"We cannot afford to exclude any community from this transition"  What is energy justice and how can it be developed?   In this episode, Dr Elizabeth Blakelock shares her experience as a fierce advocate for citizens' rights to fair treatment in the energy market. She tells us how she opened her eyes to the intersectionality of race and vulnerability in the sector, and how she is now fighting for energy policies to become explicitly anti-racist. She shares her advice on how to create strategies that put the lived experiences of citizens at the centre, in order to create services, products, programmes and strategies that are truly inclusive by design. Eventually, she addresses the opportunities that the energy transition represents for creating fairer societies  "There is so much more to the energy system than technical decisions about moving electrons along a wire"  Dr Elizabeth Blakelock is a champion of the rights of everyone to have access to a warm and safe home. She is passionate about tracking the impacts that firms' decision-making has on people's lives. Then she uses that data to help design essential service markets that are inclusive by design. Elizabeth has been working in the corporate world, as an academic, the charity sector and an energy regulator. As an academic, Elizabeth co-authored the report “Fairness in UK Energy Markets” and in 2020 she finished her Ph.D. on how powerful ideas influence the rules of the energy market to undermine processes that were supposed to ensure inclusive policymaking.   Reports mentioned:  Inclusive design in essential services https://fairbydesign.com/inclusive-design/   Diversifying Power: Why We Need Antiracist, Feminist Leadership on Climate and Energy. Stephens, Jennie https://islandpress.org/books/diversifying-power   Powerful women: https://powerfulwomen.org.uk/board-statistics-by-company-2021/   Find Dr Elizabeth Blakelock’s work on LinkedIn:  https://www.linkedin.com/in/elizabethblakelock/  Reach out to Marine Cornelis via Twitter @MarineCornelis or LinkedIn https://www.linkedin.com/in/marinecornelis  Music: I Need You Here - Kamarius Edition: Podcast Media Factory  Support Energ'Ethic on Patreon https://patreon.com/Energethic (c) Next Energy Consumer, 2021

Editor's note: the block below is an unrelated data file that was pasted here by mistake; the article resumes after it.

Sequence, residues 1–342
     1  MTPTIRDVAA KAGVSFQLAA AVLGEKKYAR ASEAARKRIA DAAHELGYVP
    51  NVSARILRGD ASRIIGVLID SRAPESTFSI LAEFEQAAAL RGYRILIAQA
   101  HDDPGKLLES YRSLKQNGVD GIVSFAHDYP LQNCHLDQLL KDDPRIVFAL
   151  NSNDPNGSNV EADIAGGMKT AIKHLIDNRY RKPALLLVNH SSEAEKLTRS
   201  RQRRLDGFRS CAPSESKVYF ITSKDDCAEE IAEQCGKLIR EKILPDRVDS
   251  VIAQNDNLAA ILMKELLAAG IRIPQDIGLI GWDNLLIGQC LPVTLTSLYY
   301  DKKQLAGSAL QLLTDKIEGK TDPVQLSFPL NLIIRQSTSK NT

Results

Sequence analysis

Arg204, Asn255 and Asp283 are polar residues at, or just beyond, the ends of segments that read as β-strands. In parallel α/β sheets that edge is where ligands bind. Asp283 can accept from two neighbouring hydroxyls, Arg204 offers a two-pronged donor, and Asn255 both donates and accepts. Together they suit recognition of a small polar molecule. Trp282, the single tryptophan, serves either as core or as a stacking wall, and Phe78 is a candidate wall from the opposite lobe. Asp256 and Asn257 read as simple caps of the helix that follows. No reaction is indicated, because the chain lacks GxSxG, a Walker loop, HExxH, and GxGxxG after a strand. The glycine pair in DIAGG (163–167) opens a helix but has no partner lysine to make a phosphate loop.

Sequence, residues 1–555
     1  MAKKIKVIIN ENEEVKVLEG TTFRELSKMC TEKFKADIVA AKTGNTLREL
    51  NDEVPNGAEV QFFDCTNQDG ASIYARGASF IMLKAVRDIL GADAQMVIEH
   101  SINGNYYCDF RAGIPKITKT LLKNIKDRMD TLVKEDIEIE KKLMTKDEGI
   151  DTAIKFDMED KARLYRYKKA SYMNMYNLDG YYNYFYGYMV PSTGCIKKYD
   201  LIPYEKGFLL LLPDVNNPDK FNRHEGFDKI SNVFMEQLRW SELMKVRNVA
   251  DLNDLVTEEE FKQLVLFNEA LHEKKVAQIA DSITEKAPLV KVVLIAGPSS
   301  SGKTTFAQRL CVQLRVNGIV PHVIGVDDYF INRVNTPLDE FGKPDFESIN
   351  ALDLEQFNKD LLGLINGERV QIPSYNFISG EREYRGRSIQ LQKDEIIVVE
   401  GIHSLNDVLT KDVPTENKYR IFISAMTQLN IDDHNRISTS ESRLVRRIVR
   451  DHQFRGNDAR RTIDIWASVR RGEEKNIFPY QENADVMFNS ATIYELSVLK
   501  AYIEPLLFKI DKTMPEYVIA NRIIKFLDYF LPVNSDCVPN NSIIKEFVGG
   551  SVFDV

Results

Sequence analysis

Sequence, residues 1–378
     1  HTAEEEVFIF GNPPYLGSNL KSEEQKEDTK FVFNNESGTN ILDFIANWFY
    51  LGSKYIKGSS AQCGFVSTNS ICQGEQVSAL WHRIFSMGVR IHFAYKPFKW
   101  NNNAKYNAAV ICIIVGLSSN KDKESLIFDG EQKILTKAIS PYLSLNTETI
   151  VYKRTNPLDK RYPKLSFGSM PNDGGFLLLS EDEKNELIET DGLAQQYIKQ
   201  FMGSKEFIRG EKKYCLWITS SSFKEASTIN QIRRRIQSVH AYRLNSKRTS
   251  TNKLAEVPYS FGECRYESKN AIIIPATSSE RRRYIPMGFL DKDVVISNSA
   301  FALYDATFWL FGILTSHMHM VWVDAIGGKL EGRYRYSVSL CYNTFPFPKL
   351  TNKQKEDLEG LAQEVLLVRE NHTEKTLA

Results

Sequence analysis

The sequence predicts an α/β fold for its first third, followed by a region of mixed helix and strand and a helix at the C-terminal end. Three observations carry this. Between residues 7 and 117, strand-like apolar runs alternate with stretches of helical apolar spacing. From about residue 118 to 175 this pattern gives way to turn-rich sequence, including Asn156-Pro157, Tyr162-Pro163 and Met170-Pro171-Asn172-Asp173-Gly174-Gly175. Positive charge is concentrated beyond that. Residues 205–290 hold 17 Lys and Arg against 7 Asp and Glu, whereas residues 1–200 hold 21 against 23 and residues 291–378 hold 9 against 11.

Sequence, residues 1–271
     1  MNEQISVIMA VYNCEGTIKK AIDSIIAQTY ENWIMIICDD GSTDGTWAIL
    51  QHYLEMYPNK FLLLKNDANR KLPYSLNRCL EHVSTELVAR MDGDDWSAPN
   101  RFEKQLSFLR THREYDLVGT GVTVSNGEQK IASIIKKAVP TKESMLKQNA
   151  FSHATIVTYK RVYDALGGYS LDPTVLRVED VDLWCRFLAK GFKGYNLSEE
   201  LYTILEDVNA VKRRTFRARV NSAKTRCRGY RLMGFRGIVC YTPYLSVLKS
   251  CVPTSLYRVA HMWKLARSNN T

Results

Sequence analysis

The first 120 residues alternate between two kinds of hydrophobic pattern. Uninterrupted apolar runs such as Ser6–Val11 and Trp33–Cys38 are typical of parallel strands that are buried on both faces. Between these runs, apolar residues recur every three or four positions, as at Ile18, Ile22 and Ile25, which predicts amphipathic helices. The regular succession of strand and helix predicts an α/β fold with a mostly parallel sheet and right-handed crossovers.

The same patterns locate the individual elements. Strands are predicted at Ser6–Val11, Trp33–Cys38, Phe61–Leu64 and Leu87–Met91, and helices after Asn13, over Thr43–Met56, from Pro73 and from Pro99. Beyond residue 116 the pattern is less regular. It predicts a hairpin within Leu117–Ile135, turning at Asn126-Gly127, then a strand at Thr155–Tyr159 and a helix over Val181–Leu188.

33:34
May 28, 2021
Smart cities start with inclusive infrastructures, with Pedro Homem de Gouveia
"The built environment is a source of opportunities or obstacles" Why are infrastructures a question of social justice? How can urban spaces be reinvented to become accessible to the greatest number? In this fascinating discussion, Pedro Homem de Gouveia explains how he came to understand that infrastructure and mobility create barriers or opportunities in people's lives. Pedro underlines why it is necessary to be vigilant against cultural prejudices and why mobility issues require above all an understanding of the users' habits. He informs us about gender and safety issues in public transport, arguing that these issues are not externalities but must be put at the heart of urban network development policies.  Pedro demonstrates that when it comes to mobility and experiencing city life, solutions are often within reach, but they often require a different perspective. Therefore, Pedro encourages professionals from other sectors, from psychology to marketing, to take an interest in transport and infrastructure issues in order to better meet users' needs.  Pedro illustrates his remarks with examples that he has noted over the course of time and his discoveries, as an architect and advisor to the city of Lisbon or as senior policy and project manager at the POLIS, the network of cities and regions for transport innovation.  "Public transport is the backbone of urban mobility (...) but you just don't go walking around with a backbone: you need legs, and feet, and fingers. And if you're going to do something, you also need arms, and hands, and fingers. (...) If we want people to shift away from their private cars into sustainable mobility, we really have to foster the emergence of an alternative ecosystem of modes that work together". Since 2019, Pedro Homem de Gouveia coordinates POLIS' Working Group for Governance & Integration, which is focused on policymaking for innovation and public participation. He also coordinates the Working Group for Safety and Security, aiming to make city streets safe and transport systems secure. Before joining POLIS, Pedro worked for more than 20 years for the city of Lisbon, in Portugal, as a strategist and advisor. Find Pedro Homem de Gouveia on LinkedIn: https://www.linkedin.com/in/pedro-homem-de-gouveia-304ab010/  Reach out to Marine Cornelis via Twitter @MarineCornelis or LinkedIn https://www.linkedin.com/in/marinecornelis Music: I Need You Here - Kamarius Edition: Podcast Media Factory  Support Energ'Ethic on Patreon https://patreon.com/Energethic (c) Next Energy Consumer, 2021